B02 Ichikawa Danjūrō's "Nirami"
Ō-Edo shibai nenjū gyōji, "The Kaoyose"
Ōban, Colour print
Artist: Adachi Ginkō; Published: Meiji 30 (1897) by Hasegawa Sumi
Ritsumeikan Art Research Center (arcSP02-0410)
In the Edo period, the kabuki year began in November with the kaomise production. Even now, the kaomise at Kyoto's Minami Theatre starts on the 30th of November instead of the 1st of December, an insistence on preserving custom. During the kaomise, there is always an item on the program known as the kaoyose, during which the troupe greets the audience and announces the productions for the year ahead. The troupe leader (zagashira) reads aloud the play titles and casts for the kaomise production. Whenever Ichikawa Danjūrō was troupe leader, he would face out to the audience and strike the Genroku mie with his fierce glare (nirami). In spite of his rudeness, the glare was believed to chase evil spirits from the house, and audiences could really feel the experience of attending the beginning of a new theatre season.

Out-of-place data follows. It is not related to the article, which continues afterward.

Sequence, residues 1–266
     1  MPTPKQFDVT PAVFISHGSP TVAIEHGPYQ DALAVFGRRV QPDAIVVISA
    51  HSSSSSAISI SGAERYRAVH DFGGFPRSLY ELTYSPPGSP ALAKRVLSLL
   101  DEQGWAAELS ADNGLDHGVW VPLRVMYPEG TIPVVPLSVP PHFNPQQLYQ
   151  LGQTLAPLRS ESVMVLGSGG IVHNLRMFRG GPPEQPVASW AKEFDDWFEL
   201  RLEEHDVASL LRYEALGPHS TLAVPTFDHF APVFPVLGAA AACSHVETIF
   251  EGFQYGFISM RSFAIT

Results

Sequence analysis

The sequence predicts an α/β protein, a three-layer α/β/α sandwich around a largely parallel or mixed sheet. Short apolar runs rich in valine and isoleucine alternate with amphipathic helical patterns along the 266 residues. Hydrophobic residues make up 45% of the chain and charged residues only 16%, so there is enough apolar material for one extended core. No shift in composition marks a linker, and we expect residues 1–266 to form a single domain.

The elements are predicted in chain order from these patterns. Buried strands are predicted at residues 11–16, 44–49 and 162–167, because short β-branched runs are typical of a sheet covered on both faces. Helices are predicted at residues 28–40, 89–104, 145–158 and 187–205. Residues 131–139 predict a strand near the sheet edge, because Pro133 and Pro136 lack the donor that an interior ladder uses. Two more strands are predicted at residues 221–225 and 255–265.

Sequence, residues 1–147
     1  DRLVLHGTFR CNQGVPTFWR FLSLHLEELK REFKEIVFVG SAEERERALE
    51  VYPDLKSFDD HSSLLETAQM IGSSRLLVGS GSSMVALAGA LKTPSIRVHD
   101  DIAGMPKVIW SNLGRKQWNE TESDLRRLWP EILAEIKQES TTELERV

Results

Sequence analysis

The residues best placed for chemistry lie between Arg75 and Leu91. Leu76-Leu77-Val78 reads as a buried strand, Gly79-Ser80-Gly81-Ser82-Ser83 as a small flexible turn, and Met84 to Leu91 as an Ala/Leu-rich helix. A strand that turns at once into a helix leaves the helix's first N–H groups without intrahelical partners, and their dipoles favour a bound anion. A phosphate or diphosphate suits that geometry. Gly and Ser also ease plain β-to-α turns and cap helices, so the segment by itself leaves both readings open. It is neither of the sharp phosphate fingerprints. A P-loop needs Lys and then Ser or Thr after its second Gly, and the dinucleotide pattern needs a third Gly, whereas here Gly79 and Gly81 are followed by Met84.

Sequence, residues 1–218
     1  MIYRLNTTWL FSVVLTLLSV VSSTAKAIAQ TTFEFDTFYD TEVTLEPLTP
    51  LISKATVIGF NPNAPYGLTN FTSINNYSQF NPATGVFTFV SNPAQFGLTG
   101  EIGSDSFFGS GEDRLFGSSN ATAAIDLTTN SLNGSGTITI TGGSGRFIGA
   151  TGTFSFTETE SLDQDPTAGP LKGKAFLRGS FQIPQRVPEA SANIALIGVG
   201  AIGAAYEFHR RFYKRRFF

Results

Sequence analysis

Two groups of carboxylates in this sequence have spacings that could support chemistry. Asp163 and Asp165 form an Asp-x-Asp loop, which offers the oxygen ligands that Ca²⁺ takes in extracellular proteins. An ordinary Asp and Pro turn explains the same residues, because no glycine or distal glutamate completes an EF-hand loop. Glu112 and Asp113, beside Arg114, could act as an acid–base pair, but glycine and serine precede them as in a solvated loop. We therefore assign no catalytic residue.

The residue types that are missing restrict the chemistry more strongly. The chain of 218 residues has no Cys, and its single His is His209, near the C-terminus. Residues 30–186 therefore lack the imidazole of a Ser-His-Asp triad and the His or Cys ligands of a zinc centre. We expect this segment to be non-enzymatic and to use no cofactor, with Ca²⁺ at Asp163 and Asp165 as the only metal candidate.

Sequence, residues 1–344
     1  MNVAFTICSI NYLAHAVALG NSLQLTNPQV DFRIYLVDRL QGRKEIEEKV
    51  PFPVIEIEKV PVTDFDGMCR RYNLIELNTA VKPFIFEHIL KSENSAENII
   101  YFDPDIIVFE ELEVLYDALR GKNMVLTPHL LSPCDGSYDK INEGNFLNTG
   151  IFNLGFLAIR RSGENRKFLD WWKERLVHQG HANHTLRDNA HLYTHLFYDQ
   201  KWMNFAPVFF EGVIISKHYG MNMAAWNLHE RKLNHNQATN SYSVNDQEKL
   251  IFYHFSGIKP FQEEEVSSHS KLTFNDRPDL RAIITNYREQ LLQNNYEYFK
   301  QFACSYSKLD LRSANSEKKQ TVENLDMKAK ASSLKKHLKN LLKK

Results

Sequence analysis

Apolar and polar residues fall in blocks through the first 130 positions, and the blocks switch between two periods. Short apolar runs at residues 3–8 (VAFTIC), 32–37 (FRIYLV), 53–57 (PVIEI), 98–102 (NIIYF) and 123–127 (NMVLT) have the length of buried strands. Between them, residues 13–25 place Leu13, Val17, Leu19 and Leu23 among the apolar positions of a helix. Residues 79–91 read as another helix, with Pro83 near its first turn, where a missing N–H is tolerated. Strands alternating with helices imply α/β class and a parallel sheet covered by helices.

Kabuki's annual production cycle gradually fell apart with the end of the Edo Period. Due to the Tenpō Reforms (1841-1843) the kaomise, as the production to showcase new troupe members, was often disallowed. As a result, the kaoyose was postponed until the New Year's production (hatsuharu) under the name shizome.